I cannot get anything done without a to do list.
Written down on paper. Digital to do lists simple do not, uh, do it for me.
I've been this way as long as I can remember in my professional world. To my left perpetually sits either a pad of paper with a daily task list, or, since I discovered the planner of my dreams.
Somewhere in the mountains of trash is a perfect representation of my professional life, in daily slices, page after page of "Things to Do" for someone else.
During the early days of the pandemic, when we were all holed up for ages, I started adding household tasks to the list. You know, clean the kitchen, fold the laundry, clean the bath bomb residue out of the bathtub.
I did it because it felt good to check them off.
And let's be honest, it was way more likely that they'd get done if they were staring at me in my face.
Especially since, if I didn't check it off on one day, then I'm adding it to the next one!
But the dopamine I get from checking a task offa my list helps me get through the day.
I didn't make the connection that each task check off was like a mini-hit of dopamine until a few years ago. Once I realized that I leaned into it more, so that I could get more done, more efficiently.
Again, all work or chore related.
A couple months ago, Mickey and I were sitting here at the Professor Haus with one of his long (4 day) weekends open wide in front of us.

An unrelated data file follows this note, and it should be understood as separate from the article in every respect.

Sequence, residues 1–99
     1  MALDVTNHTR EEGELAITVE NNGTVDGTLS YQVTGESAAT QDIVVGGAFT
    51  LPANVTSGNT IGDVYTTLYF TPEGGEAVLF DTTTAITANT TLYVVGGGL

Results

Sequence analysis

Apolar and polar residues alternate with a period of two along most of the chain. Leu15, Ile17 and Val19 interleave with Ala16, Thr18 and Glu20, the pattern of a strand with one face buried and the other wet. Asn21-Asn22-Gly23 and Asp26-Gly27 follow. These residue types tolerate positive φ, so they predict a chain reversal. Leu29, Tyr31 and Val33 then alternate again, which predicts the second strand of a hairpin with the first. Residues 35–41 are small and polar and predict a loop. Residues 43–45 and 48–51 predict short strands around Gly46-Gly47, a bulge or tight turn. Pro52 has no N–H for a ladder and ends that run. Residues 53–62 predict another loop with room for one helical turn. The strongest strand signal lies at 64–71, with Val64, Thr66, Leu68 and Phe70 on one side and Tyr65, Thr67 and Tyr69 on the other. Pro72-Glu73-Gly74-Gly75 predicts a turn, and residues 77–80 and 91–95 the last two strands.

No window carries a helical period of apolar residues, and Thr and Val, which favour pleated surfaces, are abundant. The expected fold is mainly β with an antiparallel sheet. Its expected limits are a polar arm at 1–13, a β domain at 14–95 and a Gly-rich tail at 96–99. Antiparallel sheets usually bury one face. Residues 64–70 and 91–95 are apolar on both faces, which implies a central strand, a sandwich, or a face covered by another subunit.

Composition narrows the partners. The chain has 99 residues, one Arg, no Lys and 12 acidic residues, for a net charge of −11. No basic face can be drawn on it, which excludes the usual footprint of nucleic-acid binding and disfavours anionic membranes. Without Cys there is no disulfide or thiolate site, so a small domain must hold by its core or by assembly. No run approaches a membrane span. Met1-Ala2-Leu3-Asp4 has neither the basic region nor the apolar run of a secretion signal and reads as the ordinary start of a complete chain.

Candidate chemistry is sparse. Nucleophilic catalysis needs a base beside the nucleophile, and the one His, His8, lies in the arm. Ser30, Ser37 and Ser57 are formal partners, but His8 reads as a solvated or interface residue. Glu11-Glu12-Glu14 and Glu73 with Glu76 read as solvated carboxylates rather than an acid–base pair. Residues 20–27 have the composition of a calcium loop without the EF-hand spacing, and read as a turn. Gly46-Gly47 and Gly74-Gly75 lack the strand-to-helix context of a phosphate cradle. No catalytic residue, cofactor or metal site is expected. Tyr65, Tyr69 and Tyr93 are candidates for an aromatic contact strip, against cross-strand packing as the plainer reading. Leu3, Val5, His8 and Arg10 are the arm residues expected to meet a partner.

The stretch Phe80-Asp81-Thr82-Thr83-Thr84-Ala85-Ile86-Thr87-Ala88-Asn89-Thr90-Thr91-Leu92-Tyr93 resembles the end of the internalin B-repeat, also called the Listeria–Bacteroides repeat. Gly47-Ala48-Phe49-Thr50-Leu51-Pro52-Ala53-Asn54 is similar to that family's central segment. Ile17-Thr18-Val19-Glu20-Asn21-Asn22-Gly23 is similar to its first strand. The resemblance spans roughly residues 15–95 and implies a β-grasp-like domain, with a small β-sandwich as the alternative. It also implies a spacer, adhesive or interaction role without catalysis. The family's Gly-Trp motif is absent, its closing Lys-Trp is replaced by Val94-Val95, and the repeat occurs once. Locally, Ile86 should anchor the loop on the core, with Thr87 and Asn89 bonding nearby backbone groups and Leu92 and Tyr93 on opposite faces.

Our problem? We couldn't remember what we wanted to do.
This is a thing that happens with our neurodivergent brains. We come up with a million ideas based on things we've researched or seen on the Internet or whatever, but then when it's time to do things we forget what we wanted to do.
So we wind up going to Ace Hardware to buy corn lobs for the squirrels, or eating the best caesar salads in the state at Mugly's (where I hope they have a slice of warm chocolate cake leftover), or do my favorite one-two punch in Detroit - Third Man Records and Bon Bon Bon.
And we have fun, because we can find fun in the middle of literal nowhere. We have proved it.
But it doesn't feel right, because we know there are other things on the "list", we are simply unable to access the list at this time. So, things feel a little off.
Then one day, when I was writing down my daily task list, I added some fun things I wanted to do. You know: blog, art, paint my rolly table in the office, watch "The White Lotus", read some of my book about filmmaking from the 1940s.. The things that make me happy.
Or fill me up, as it were.
Now, when there was something we wanted to do on a specific date, I put that in my planner! So we didn't miss out on those things.
But there were still the 'all the time' things we were missing out on.
Then one day, I had the bright idea to put a whiteboard in the kitchen.
It promptly fell down 2 weeks later because I am not a construction human and the double-sided stuff didn't do the job, so now it rests on a windowsill over the kitchen radiator.
On this whiteboard, we put the things we want to do (and some of the things we need to do, but do not want to because they are not fun.)
It's worked so well, y'all.
We knocked a lot of stuff offa out list before the dry erase marker got eaten up by the Professor Haus. You can also see there are a few things we haven't gotten done yet.
And even more we won't get to this year.
See ya next year, cider mill!
So, if you're a to-do list person like I am, I highly recommend putting some stuff just for yourself on it every day. You deserve to accomplish fun and joy, too!!!
And then if you're not checking those things off your list - maybe take a step back and wonder why someone else's priorities are taking precedence over your own.